How to budget for energy efficient replacement windows

April 02, 2012

Few conflicts can plague homeowners more than disputes over the amount of money to budget and spend for energy efficient improvements. This is especially true if you own an older house with special features like non-standard windows. Knowing exactly how much you can afford to spend can free you to make smart decisions for greening your home.

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How soon do you want to begin this project?

The National Association of the Remodeling Industry has an online Debt-to-Income, or DTI, ratio calculator that tallies your monthly expenses, gross income and the amount you plan to spend each month paying for improvements. It's a good way to realistically assess your ability to afford what you need and want.

Replacement windows prices and your budget

When it comes to budgeting, window manufacturer Milgard has two governing rules of thumb:

  1. If your frame is in poor condition, the extra money required for rebuilding it can seriously inflate your installation costs.
  2. The greater the energy efficiency of the window, the more you can expect to pay for extra panes, gas fills and coatings.

Another way to control costs is to budget for a sequential project where you replace your south-facing windows first, and then move on to other parts of the house. You can work out an annual budget to complete replacement windows and other necessary green upgrades.

Installation fees are typically based on the number of windows. Doing your homework on features and pricing is a big part of the budgeting process considering that a replacement window installation can cost between $100 and $600 per unit. That's a huge sweep of prices and options.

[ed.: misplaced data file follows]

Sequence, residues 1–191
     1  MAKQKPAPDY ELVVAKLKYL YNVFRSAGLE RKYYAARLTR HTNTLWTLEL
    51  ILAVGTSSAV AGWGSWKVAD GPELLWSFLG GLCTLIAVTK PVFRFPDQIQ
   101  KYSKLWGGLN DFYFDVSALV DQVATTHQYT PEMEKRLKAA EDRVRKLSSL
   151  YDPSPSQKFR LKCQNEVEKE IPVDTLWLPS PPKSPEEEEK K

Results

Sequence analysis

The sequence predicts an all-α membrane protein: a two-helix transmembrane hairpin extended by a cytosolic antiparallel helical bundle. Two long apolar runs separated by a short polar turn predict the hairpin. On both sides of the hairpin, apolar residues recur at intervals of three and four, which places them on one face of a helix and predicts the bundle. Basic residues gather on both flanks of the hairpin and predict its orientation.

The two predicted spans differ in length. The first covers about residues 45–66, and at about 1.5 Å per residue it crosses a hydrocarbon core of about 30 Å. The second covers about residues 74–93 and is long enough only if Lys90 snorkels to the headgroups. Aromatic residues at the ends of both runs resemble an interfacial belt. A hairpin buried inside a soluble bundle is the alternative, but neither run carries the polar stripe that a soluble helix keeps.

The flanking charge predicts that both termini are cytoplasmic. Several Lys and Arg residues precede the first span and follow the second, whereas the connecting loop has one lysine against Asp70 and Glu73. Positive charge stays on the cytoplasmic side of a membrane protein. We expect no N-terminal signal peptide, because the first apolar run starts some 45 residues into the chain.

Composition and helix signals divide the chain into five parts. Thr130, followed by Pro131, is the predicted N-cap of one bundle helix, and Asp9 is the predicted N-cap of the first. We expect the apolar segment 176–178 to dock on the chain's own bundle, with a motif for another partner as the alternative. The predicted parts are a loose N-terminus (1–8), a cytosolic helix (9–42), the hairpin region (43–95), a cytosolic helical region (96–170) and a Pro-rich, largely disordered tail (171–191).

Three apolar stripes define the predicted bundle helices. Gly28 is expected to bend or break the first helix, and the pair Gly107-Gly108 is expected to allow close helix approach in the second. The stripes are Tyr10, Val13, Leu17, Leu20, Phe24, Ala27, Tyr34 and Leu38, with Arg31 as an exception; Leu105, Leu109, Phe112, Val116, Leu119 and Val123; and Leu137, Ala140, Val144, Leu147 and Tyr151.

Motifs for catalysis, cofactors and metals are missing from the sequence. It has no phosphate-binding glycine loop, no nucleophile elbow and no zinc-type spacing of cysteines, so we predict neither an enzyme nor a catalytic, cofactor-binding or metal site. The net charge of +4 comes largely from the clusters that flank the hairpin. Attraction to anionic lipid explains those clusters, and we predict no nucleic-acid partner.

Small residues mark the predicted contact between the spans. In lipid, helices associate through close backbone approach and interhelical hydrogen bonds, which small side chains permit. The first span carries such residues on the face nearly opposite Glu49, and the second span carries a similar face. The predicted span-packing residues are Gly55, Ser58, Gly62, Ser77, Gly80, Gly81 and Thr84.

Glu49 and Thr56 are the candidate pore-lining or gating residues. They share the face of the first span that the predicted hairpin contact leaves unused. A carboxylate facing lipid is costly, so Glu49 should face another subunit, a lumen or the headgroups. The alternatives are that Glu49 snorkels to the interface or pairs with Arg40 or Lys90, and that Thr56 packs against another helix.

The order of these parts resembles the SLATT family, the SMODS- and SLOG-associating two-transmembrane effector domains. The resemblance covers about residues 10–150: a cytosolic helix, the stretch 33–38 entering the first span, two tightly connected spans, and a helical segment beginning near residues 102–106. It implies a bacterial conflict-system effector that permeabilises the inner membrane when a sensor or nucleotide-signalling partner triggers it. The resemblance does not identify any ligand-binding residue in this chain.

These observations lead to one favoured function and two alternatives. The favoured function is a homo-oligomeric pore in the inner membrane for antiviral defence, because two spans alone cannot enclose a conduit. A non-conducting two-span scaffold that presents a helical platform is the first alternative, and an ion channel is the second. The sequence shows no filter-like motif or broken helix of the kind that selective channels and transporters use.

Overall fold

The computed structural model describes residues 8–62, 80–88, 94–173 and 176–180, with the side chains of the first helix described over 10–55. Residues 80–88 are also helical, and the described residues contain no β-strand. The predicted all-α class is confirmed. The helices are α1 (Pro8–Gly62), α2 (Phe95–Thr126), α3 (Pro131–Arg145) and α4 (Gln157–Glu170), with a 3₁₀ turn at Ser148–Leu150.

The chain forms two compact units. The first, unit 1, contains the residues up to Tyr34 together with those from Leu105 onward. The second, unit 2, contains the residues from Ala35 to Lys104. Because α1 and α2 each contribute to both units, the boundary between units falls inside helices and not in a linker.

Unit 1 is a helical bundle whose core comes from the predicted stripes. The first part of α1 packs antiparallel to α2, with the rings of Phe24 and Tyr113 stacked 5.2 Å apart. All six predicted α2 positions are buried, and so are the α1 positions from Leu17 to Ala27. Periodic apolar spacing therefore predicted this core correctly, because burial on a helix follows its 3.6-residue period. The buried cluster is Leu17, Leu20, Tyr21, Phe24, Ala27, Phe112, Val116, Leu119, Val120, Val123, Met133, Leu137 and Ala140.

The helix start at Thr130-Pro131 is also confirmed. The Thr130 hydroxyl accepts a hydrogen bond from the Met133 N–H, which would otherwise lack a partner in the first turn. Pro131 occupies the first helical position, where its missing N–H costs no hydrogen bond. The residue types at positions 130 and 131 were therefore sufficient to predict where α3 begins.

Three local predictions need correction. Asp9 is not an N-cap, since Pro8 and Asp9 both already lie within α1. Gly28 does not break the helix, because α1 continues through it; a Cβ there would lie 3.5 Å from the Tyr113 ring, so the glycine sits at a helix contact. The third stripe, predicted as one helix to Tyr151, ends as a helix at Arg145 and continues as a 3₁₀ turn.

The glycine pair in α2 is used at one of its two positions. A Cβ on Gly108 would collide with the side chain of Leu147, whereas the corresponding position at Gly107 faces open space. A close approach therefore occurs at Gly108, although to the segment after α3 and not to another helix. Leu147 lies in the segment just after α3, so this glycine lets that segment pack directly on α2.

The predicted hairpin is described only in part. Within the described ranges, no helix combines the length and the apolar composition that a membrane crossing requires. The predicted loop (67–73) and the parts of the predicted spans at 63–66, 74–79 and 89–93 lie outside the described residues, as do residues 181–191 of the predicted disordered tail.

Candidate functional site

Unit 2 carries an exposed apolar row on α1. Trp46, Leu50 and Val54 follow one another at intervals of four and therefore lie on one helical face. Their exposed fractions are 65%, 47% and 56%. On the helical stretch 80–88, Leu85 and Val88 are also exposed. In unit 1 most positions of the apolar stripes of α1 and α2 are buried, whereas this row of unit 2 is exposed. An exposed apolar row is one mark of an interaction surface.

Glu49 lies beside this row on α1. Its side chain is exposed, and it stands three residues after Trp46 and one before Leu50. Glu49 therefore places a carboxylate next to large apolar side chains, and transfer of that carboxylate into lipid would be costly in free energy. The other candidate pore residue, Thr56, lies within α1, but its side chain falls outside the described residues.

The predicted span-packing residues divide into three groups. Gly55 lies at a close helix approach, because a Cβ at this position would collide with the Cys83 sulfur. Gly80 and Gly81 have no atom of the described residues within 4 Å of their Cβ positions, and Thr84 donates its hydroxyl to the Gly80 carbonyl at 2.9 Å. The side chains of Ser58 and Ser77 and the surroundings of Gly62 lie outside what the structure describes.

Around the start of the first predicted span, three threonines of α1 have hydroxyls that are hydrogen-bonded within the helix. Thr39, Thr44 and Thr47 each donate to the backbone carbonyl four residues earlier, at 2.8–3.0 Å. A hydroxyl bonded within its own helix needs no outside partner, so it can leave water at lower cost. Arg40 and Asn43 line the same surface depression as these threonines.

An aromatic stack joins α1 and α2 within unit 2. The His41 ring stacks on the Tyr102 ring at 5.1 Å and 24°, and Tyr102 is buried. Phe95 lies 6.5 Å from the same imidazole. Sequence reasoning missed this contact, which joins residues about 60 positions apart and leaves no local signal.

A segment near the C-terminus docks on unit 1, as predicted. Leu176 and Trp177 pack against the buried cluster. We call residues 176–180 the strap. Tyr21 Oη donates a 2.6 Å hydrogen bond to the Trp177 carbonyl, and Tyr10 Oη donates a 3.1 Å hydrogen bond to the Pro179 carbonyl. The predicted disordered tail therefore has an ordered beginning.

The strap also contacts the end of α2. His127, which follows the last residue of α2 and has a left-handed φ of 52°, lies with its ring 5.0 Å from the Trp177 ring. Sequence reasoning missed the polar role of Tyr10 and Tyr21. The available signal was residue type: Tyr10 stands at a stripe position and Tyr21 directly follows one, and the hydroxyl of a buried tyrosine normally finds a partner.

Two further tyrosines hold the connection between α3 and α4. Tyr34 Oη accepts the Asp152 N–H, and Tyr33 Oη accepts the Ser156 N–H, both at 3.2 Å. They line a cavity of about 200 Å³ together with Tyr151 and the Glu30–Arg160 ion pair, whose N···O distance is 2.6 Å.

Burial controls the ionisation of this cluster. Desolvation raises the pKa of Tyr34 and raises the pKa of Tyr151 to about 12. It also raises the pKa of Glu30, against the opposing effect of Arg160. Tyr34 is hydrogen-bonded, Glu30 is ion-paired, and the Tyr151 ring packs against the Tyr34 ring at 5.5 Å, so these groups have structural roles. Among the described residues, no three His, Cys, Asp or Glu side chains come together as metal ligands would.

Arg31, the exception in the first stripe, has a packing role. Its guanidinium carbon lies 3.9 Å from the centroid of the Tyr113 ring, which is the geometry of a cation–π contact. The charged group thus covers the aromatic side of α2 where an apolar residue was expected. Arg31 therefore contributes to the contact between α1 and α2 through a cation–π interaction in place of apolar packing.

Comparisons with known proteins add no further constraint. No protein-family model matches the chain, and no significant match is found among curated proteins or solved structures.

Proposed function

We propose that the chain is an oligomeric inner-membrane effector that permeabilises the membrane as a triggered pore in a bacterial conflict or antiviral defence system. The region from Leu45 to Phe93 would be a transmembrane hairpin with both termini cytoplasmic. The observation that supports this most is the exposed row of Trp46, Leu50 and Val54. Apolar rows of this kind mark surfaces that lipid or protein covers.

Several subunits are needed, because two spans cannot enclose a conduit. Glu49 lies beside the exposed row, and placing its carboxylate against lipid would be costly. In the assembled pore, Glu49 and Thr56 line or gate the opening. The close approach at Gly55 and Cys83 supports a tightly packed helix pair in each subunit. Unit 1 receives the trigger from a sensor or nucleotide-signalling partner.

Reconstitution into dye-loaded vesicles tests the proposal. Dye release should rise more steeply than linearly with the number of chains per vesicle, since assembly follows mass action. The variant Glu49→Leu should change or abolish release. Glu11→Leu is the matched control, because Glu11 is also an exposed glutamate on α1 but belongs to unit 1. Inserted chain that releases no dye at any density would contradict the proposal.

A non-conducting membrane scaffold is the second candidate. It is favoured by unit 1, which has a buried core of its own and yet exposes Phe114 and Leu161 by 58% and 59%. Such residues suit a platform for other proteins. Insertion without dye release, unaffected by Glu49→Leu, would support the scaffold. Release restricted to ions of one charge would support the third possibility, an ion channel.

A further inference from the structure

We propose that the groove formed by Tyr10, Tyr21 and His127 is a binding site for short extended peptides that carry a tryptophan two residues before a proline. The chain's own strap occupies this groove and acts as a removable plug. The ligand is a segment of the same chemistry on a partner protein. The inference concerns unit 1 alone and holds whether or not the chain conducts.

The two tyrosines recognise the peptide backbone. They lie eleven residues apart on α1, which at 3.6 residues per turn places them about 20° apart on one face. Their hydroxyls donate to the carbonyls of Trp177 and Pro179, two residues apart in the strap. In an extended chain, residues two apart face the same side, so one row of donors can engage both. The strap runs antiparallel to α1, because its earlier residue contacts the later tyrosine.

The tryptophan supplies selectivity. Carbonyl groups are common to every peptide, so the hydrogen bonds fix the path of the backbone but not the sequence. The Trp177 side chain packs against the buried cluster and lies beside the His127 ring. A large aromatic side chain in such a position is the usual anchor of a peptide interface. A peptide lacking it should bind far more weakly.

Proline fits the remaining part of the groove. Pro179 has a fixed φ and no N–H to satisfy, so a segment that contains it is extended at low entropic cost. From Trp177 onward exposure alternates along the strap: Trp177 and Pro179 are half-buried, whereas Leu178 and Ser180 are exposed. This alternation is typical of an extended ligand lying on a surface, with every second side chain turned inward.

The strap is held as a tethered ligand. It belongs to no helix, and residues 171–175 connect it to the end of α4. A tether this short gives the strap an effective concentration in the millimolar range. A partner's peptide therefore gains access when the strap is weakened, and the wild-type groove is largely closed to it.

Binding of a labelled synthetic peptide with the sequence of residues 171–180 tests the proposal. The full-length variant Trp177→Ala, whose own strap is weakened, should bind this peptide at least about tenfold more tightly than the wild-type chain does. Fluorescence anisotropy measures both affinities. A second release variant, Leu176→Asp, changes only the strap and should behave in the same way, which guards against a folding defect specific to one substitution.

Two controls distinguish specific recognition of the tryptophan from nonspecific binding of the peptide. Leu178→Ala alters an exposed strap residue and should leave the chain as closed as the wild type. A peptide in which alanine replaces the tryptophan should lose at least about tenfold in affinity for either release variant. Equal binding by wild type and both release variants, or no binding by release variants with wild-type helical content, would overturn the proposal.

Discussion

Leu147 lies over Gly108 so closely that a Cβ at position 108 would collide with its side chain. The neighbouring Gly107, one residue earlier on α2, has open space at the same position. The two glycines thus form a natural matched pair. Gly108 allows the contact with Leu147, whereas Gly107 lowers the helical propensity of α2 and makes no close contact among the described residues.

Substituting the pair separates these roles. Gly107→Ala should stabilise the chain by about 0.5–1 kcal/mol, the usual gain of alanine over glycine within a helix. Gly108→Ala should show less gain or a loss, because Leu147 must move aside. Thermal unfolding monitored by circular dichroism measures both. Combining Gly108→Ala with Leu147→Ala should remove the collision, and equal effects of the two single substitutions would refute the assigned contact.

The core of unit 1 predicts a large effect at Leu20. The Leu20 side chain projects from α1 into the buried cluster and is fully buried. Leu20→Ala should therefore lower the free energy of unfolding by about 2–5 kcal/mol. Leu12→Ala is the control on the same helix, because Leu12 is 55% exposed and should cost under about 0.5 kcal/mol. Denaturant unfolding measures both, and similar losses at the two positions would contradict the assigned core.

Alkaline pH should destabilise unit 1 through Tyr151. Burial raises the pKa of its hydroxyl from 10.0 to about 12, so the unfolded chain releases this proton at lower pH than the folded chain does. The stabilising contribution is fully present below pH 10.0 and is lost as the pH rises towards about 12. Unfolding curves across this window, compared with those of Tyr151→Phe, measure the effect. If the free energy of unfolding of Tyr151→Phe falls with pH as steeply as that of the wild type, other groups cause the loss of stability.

The windows themselves could cost as little as $100 or as much as $1,000, depending on style, energy efficiency features and size. A new sill or sash may run as little as $45 installed. Bay and bow windows cost the most, typically, with double-hung windows in the $200-$500 range. Prices go up with special finishes, premium spacers, grilles, glass and hardware. Specialty shapes can up the ante; for example, a Gothic style window from Andersen Windows and Doors could have a base price of more than $1,400.

Of course, replacement windows prices fluctuate on the market, and so do installation costs. Andersen notes that exact prices on its products are determined by dealers. Manufacturers sometimes offer deals, so watching the Web or visiting home improvement stores may help you slenderize the final bill.

Buying your replacement windows

Major window manufacturers have a full price list according to product line. You may choose to buy windows where a certified installer comes as part of the package. Poor installation may actually void a manufacturer's guarantee. Be sure to get at least three bids before making any decisions to move forward.

Remember that you may not need the top-of-the-line replacement window to gain energy efficiency. You can strike a balance of features that really suits your climate and existing house.

Get out your calculators and see what your money can buy.

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